... which led to many people discussing its suitability as a fascinator and one loud comment, 'It's beautiful - I'd wear it for my wedding!'

Deb's fabulous 'unwearable' dress was also very popular, with many people commenting on the wonderful texture she has created on the surface. The general consensus was that it was definitely wearable - someone wrote the following in our book: 'Green outfit absolutely beautiful. Could definitely be wearable. So beautiful and so clever to be able to have the foresight'.

Another of Deb's pieces which was greatly admired was her beautiful stitched piece - just stunning!

In some cases, a personal response to the work came from a shared experience with a visitor, which was the case with these wonderful needle felted landscapes from Dia. They grew out of her recent holiday in Namibia ...



... and 'Deadvlei' in particular brought back very happy memories of a very special place for one visitor, who talked excitedly with Dia about the work for some time. She had lived in Namibia for many years and wrote in our book: 'Beautiful work. Such skills ... and the picture of Deadvlei, Namibia is a treasure!'

Several of us chose to use wet-felting with resists techniques for 'Revealed', as these close-ups show.

In 'Spiral Space', I challenged myself to do a large spiral resist and it ended up being the largest piece of wet felting I've ever done - physically, quite hard work and definitely a challenge! However, I was very pleased with it and had many conversations about how I had worked it and the various methods I had to use to make the spiral stand up.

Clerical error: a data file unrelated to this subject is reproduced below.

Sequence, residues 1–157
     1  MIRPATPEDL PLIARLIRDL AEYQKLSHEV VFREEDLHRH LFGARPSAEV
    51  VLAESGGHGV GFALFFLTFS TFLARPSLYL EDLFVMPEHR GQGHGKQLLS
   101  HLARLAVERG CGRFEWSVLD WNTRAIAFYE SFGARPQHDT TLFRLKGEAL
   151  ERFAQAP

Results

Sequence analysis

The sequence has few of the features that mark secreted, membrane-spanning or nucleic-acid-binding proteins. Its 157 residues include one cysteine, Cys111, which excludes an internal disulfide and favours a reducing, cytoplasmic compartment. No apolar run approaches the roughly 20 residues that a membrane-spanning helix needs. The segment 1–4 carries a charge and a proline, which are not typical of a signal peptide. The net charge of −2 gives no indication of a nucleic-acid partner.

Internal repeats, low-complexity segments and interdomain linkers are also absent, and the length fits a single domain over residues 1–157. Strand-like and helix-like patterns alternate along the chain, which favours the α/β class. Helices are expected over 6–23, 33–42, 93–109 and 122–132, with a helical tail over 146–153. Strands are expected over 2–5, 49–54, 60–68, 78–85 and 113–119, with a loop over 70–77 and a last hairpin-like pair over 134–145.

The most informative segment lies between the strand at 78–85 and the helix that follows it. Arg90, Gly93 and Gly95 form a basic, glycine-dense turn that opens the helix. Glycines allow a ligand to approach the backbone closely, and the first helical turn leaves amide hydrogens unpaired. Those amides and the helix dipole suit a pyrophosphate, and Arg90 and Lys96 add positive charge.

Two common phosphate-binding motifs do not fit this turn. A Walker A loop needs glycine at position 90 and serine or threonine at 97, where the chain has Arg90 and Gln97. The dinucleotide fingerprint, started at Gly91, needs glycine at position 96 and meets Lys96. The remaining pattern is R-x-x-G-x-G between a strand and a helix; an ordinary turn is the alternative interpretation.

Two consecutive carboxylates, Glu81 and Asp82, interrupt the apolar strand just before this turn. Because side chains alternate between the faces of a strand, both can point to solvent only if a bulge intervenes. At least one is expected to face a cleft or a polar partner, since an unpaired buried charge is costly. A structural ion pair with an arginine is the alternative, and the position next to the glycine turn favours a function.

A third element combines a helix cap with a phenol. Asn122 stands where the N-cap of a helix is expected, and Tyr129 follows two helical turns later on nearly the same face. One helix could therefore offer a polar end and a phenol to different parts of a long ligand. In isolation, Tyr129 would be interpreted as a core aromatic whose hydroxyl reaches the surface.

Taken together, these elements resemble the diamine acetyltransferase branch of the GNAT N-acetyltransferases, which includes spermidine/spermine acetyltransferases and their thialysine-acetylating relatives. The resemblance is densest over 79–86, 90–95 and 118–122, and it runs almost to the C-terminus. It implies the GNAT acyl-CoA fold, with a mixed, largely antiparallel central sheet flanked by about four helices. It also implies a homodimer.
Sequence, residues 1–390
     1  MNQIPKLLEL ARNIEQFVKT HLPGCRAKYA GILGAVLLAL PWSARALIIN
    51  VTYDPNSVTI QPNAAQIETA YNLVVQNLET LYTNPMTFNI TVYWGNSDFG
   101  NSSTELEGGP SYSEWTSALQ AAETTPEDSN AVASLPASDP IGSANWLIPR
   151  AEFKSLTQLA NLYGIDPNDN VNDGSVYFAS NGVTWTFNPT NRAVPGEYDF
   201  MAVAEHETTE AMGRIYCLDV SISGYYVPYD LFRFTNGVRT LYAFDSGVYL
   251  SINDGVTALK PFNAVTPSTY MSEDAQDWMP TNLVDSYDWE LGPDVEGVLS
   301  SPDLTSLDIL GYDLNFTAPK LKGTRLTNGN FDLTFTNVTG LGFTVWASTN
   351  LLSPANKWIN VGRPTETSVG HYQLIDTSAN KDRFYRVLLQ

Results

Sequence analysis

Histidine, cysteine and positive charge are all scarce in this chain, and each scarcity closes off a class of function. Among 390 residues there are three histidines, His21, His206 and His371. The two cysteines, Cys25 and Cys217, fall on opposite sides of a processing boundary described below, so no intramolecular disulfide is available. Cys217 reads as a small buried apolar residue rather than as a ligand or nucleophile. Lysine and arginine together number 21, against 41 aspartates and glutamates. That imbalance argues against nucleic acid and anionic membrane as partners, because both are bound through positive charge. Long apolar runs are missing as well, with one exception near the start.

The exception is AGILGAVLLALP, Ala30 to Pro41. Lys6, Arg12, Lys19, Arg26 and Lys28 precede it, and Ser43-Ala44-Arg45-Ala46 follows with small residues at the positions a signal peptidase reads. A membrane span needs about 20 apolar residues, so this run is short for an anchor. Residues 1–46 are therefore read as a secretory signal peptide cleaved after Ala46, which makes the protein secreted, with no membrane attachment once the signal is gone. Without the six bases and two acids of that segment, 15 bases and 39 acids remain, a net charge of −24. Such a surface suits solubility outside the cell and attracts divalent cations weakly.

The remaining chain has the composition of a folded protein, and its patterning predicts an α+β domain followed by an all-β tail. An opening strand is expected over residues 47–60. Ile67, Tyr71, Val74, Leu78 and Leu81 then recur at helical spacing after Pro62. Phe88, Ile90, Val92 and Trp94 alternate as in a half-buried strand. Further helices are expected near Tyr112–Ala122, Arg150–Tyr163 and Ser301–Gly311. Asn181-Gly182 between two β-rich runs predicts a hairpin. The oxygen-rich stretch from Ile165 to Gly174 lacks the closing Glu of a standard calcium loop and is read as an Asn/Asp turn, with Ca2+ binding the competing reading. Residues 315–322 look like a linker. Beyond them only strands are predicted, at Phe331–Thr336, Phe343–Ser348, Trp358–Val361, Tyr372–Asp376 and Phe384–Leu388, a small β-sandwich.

Spiral Space
Wet felted with spiral resist, yarn, threads and pre-felted shapes, hand & machine stitch

Another of my wet-felted resist pieces which drew comments was 3D - the vessel, 'Rainbow Totem'. This had multi-layered resists and one of my favourite colour combinations - orange, red and turquoise. After I'd pointed out 'Spiral Space' to one visitor as wet-felting with a resist, she rushed instead towards the vessel, saying, 'Ooh, I like the spiral, but I lo-o-o-ve this!'

Rainbow Totem
Wet felting with resists, nuno felted with silk chiffon

This also had some nuno-felted areas and so combined felting techniques, learned on separate workshops with two inspirational felters, Caroline Merrell and Clare Bullock. The joy of learning new techniques and sharing ideas within the textile art community is important to me and also a very special part of my reason for doing exhibitions. I hope that sharing our work, as we do, also plays a small part in inspiring others - which is why this is possibly my favourite comment of all written in our book this year: 'Thanks for your information and inspiration. I am going to have a go!'

So, we say goodbye to 2019 and 'Revealed' and look forward to next year, where our theme will be 'Senses'. I'll close with one more close-up image of my 'Starshine' lampcover, also inspired by another wonderful tutor, Alysn Midgelow-Marsden, which drew this comment in our book: 'Starshine is spectacular! Magical!'

Copper shim and mesh, stainless steel fabric, heat treated,
zapped layered synthetics, hand & machine stitch, sequins and beads

It brings spectacular and magical 'Happy New Year' wishes to you all with love and thanks from all of us here at Traverse.